Motherhood and the Rule of St. Benedict…

… Or what I like to affectionately refer to as, the Rule of Motherhood. That was the main focus of the workshop I gave at the Frassati Conference. I know it sounds a bit weird, St. Benedict and motherhood, especially when there are so many saintly woman that fit the bill – St. Ann, St. Monica, Our Lady. But really, St. Benedict and his Rule fit aptly with the theme of motherhood.

When he wrote the Rule, his intention was not to establish a monastic order, but rather give something his followers could use to live more holy. Using the model of the family unit, Benedict set out to write his Rule. That is what makes it so perfect for families.

Also, other monastic communities are rooted in prayer, preaching, or alms giving; all of which can be a bit impractical for a busy family. Benedictine spirituality finds itself firmly rooted in work. Work and prayer. Ora et Labora. And that is what mothers do tirelessly; work and pray.

The overall theme of the conference was the new evangelization. I hope Fr. Longenecker publishes his notes on the talk he gave. I loved hearing about the influences in his life, June and her daughter, Sr. Lucy. He talked about how they evangelized to him through their authentic Catholicity. Fr. Longenecker challenged us to be fully authentic in our faith, which means being fully Catholic.

Carrying that theme of evangelization over in my own workshop, I discussed the Benedictine charisma of hospitality. Benedictines don’t go out evangelizing in the street, they invite people into their communities and evangelize inward. Our households are our spiritual communities, like little monasteries, and when we invite people in to experience it, they should be witnessing a family in love with each other and their faith. That is the witness. Mother Teresa famously said if you want world peace, go home and love your families.

Let your children be your first witnesses, from there they’ll carry the faith out into the world. That is how parents evangelize. Not by forcing holiness and structuring activities that make devotions feel contrived, but by loving them in the sloppy mess of every day life. With patience and kindness, not demands but love. Model the love the Father has for us with the love you show your children and spouses.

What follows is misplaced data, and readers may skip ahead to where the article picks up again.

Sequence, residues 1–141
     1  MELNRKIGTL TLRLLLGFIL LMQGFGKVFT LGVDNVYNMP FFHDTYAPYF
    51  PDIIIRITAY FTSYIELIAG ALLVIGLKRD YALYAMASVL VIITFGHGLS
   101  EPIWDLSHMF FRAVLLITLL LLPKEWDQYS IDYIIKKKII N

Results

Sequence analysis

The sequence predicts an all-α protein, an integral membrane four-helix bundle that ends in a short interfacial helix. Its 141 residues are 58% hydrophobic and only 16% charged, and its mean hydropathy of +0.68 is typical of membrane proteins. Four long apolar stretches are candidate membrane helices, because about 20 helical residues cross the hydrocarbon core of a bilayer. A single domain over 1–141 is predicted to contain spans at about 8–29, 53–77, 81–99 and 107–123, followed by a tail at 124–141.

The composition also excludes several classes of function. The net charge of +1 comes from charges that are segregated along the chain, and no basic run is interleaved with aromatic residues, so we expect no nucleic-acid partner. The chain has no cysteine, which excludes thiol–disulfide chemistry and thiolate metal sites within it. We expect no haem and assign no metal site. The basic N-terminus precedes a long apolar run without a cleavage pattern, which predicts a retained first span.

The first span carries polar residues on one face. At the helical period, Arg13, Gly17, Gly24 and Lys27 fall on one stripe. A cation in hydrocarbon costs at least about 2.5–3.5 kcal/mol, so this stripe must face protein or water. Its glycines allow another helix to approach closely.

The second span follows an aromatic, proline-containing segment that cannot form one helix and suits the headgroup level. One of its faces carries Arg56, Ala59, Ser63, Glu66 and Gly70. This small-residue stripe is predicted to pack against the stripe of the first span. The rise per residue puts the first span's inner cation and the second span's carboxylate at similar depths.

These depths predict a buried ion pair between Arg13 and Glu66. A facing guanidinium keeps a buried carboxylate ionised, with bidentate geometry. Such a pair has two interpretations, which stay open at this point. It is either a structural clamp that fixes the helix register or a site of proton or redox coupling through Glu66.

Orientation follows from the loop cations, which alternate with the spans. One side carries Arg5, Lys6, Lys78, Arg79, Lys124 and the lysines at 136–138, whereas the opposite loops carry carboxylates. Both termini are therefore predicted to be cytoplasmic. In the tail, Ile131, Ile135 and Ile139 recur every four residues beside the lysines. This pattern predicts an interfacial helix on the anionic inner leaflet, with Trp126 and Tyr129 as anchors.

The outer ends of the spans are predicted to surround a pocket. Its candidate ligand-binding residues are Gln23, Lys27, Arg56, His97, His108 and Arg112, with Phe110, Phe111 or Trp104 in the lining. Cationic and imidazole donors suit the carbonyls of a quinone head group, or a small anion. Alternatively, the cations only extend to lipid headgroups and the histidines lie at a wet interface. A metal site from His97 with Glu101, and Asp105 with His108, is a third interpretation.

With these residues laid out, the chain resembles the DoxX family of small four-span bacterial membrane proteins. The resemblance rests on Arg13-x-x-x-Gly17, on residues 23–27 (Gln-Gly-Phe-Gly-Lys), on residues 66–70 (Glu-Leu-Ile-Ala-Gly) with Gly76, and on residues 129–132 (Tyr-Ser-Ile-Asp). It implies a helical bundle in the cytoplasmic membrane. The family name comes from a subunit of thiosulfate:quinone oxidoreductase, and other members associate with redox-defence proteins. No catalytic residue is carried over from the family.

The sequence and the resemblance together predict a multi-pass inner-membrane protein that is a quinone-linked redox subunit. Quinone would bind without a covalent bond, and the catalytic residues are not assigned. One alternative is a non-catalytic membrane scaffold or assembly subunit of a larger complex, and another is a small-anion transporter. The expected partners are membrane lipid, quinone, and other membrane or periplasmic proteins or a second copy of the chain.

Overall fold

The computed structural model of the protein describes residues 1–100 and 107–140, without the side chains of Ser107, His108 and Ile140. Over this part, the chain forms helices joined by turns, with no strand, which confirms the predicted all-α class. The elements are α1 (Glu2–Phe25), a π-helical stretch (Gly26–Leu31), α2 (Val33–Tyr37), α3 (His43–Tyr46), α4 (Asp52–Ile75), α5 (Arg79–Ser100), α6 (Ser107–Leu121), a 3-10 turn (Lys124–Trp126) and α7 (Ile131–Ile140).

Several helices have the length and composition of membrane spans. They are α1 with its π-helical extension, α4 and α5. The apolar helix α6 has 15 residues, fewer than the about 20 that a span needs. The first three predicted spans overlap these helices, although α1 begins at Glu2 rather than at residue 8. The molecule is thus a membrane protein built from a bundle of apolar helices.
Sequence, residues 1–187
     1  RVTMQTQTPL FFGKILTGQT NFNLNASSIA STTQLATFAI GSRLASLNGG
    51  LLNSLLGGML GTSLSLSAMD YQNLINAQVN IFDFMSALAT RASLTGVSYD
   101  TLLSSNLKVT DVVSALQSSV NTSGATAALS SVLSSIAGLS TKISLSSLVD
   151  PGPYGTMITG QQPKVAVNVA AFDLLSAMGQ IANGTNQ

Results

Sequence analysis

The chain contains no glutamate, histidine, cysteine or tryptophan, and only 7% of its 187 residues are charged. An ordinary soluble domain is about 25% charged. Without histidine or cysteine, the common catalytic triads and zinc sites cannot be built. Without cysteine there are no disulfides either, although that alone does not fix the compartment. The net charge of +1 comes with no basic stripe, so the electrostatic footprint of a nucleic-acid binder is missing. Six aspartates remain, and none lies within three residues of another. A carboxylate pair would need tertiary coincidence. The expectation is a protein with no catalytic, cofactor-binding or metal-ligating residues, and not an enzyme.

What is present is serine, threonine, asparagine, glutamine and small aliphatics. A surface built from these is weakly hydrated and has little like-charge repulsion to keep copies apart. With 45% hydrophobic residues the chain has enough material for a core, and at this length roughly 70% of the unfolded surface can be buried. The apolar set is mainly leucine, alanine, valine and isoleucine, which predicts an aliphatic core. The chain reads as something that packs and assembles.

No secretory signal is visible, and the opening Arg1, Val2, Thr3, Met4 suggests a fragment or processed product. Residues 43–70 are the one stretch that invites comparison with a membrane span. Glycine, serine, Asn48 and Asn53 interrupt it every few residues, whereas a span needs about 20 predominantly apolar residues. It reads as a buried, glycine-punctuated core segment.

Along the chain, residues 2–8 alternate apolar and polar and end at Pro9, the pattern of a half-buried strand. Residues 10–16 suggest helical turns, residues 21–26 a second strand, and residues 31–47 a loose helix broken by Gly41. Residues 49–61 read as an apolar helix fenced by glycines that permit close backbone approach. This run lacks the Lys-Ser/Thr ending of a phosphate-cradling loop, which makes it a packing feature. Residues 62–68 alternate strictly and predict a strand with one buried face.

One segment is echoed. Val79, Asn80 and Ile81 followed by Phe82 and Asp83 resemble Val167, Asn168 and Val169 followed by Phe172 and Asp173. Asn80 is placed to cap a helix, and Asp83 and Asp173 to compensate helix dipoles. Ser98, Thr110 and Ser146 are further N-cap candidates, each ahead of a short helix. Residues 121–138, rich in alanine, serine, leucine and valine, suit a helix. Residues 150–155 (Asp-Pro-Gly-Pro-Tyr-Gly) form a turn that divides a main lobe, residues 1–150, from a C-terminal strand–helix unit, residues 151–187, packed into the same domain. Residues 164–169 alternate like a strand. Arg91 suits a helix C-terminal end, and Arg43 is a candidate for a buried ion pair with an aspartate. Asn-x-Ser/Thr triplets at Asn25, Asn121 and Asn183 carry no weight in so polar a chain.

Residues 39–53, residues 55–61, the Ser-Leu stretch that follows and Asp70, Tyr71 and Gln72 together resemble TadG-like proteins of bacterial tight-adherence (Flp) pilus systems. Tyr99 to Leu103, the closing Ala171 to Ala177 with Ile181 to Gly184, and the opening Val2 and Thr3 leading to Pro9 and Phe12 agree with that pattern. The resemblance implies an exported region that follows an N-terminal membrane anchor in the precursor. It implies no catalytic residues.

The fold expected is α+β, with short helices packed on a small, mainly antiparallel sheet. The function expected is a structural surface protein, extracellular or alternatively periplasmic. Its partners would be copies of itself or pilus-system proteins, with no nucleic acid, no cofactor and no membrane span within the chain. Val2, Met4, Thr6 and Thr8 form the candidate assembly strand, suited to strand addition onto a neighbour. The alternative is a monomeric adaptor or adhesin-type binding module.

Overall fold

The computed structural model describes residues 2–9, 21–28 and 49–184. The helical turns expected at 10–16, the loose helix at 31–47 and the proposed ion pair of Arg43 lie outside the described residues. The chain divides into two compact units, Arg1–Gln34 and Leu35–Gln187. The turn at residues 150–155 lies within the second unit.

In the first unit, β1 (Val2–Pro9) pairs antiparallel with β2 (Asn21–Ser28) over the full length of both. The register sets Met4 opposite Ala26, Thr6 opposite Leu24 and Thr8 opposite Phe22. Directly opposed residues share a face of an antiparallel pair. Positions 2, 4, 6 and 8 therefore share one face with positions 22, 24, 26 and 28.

The workshop I gave was very informal and I encouraged talk from the ladies in attendance. I didn’t want to talk at them, but rather with them. My goal was to encourage and help them see that they can each learn something from each other.

The majority of the moms there were home schooling, devoted women. There tends to be a drive toward perfection among homeschooling and stay at home mothers. They can feel like their only job is to parent and they need, no have to, get it absolutely right. The hardest years of mothering my son where when I was a stay at home mom, only because I was intensely hard myself. I hope the ladies who attended my workshop were encouraged to not be so hard on themselves. The Rule of St. Benedict teaches moderation, and when, not “if”, you mess up just “begin again anew.” That was what I wanted to convey. That you don’t have to perfect, just authentic.

The rest of the talk was about the unique vows of Benedictines; stability, obedience, and conversion of life and how they relate to the family. The first two are self explanatory, it was last one I talked most about. Conversion of life is how we live authentically and make our faith new and evolving for our children. We need to challenge ourselves and our kids to never become complacent. As we physically grow and mature, so too should our faith grow and mature with us.

I wrapped up my talk with a brief discussion on divorce in the Church, shared my enthusiasm for what the Pope is doing to reconcile those fallen away from the Church because of divorce, and answered a few questions.

PS- I cussed. Twice. It couldn’t be helped.

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